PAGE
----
The art director and matte painter on his biggest projects, and introducing 3D into the mix
The art director talks matte painting and his career
At age 18 and intent on working in the visual effects industry, Maxx Burman scoured the Los Angeles phone directory for relevant studios hoping one might offer him work in his area of interest; matte painting.
“I rang every studio in the phone book offering to work for free,” he recalls. “the very last one, Zoic studios, gave me an internship, so that’s how i got my first job.” It would turn out to be an enlightening choice for Burman, since master matte painter syd dutton was at the studio and passed on to the younger artist many of the finer points of this important visual effects technique.
Burman would go on to become a freelancer at numerous VFX studios such as digital domain, MPC, sony Pictures imageworks, Psyop, Blur, the Mill, stargate digital and elastic. He also started his own studio, skyward, moving into art direction and visual effects supervision.
Many of Burman’s projects over the years have involved 2d concepts and design, but more recently he has seen the need to adopt 3d for a hybrid approach. “i hit this point a couple of years ago where i realised that if you didn’t use 3d you were going to get left behind, and that matte painting was really going the way of being more of a 3d generalist than anything else. so i’ve had to adopt a lot of different 3d software in order to keep up with what’s being asked of matte painting these days.”
Burman’s go-to 3d tools are Maya and Keyshot. He says he also works in Cinema 4d, Zbrush, 3d-coat, Vue and speedtree in generating CG geometry that will become part of a concept or a final matte painting.
One stand-out project for Burman is the opening titles for netflix’s The Crown, for which he was the art director for elastic’s Patrick Clair (he worked in a similar role on HBO’S titles for Westworld). The Crown’s title design involved macro views of a crown being formed, complete with diamonds and gems. “For the design of it,” says Burman, “we had a 3d modeller go to town on trying to get as accurate as possible to the [real] crown. And then i started dropping in cameras and rendering these views out to see how we could take a real object and turn it into beautiful abstract designs by playing with the shape and colour.”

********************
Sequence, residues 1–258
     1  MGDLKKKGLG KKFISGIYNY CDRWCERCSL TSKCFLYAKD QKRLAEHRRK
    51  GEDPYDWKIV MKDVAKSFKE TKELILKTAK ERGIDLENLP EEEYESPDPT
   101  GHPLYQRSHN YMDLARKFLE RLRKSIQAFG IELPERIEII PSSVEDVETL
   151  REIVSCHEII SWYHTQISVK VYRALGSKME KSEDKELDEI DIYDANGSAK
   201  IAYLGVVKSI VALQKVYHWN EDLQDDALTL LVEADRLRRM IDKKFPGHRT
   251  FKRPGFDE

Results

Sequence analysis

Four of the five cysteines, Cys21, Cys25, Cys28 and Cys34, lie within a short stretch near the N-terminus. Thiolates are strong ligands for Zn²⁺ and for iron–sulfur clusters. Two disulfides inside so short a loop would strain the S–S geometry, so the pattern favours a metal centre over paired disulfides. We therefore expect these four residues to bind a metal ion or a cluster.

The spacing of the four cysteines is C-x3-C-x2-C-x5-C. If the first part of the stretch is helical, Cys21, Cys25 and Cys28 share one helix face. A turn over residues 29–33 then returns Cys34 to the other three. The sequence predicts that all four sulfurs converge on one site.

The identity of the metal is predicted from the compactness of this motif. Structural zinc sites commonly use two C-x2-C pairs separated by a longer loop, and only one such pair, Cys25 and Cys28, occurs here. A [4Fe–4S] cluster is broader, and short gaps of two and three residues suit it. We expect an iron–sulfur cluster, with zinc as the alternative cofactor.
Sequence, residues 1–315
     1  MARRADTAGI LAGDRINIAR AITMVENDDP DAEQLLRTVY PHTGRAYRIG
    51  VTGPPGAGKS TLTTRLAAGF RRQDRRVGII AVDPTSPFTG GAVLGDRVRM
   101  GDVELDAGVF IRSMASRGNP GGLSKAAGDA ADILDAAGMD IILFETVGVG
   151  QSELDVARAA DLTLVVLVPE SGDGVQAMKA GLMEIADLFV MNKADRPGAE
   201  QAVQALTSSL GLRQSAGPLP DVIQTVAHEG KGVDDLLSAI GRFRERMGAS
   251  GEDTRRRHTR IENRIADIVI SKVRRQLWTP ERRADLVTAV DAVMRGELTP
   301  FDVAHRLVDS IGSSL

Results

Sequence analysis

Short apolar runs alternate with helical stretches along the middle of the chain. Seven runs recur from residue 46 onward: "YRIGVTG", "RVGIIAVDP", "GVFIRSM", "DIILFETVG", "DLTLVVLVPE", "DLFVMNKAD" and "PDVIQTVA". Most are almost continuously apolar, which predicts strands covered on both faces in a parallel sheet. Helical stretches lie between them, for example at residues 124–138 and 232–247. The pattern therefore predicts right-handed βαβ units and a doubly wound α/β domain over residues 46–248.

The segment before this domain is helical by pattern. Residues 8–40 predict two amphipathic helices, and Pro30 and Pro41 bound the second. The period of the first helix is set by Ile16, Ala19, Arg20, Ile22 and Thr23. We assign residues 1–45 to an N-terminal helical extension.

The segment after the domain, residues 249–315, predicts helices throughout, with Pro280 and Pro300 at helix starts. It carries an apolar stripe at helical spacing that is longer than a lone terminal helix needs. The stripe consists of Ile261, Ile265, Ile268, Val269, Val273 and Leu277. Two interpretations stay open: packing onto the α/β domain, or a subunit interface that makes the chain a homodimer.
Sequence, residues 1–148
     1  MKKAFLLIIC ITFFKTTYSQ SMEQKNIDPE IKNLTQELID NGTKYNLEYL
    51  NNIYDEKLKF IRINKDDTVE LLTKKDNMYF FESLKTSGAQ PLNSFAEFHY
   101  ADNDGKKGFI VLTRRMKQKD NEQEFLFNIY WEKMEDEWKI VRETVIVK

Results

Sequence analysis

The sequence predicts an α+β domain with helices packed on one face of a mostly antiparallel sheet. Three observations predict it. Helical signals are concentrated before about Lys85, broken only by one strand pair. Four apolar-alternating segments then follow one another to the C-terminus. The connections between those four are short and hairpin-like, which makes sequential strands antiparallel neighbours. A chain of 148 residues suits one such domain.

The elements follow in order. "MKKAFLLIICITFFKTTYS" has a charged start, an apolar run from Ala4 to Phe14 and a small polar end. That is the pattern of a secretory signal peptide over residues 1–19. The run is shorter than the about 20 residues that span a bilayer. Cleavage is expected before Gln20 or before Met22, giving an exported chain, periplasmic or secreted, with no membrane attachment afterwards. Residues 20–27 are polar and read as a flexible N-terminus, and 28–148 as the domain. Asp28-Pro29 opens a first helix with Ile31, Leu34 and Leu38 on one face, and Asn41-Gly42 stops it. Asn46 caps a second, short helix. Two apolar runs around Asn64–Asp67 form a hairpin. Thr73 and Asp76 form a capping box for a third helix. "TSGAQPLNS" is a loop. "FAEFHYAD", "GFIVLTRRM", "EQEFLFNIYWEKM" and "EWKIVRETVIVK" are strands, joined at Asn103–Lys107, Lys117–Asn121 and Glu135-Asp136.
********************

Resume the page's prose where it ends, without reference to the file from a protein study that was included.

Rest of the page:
Although his role as a freelancer enables him to contribute to a broad range of projects, Burman believes it has been important to also pursue personal projects when possible. He has a videogame being released on nintendo switch next year, and he’s been developing an art show of personal projects called Disconnect.
“I’ve been using a lot of 3d for Disconnect,” says Burman. “it’s been a great project to play with new tools. i’ve taught myself Keyshot while working on this and been playing with 3d-coat a bunch, too, then completing the more complex builds in Maya.”
He adds; “doing these personal paintings has also helped me reconnect with what i enjoy doing and reminded me why i love painting. It’s a great way to help me start to find my own style and my own voice.”
I hit this point a couple of years ago where i realised that if you didn’t use 3d you were going to get left behind
Maxx Burman, Freelance art director and matte painter
01 This environment for Her was designed to be a near-future Los Angeles, just to hint at the technological themes in the film
04 Concept frame for the opening titles to Westworld, which explored the translucencies of skin and tissue
03 At Digital Domain, Burman was involved on the matte paintings for Iron Man 3’s ‘barrel of monkeys’ sequence
06 Disconnect is a project that Burman has used more and more 3D tools on in order to generate geometry
05 A painting taken from Burman’s personal series called Disconnect, which explores themes of a dead Earth
02 Burman worked with Elastic to help design the jewel-encrusted opening titles for The Crown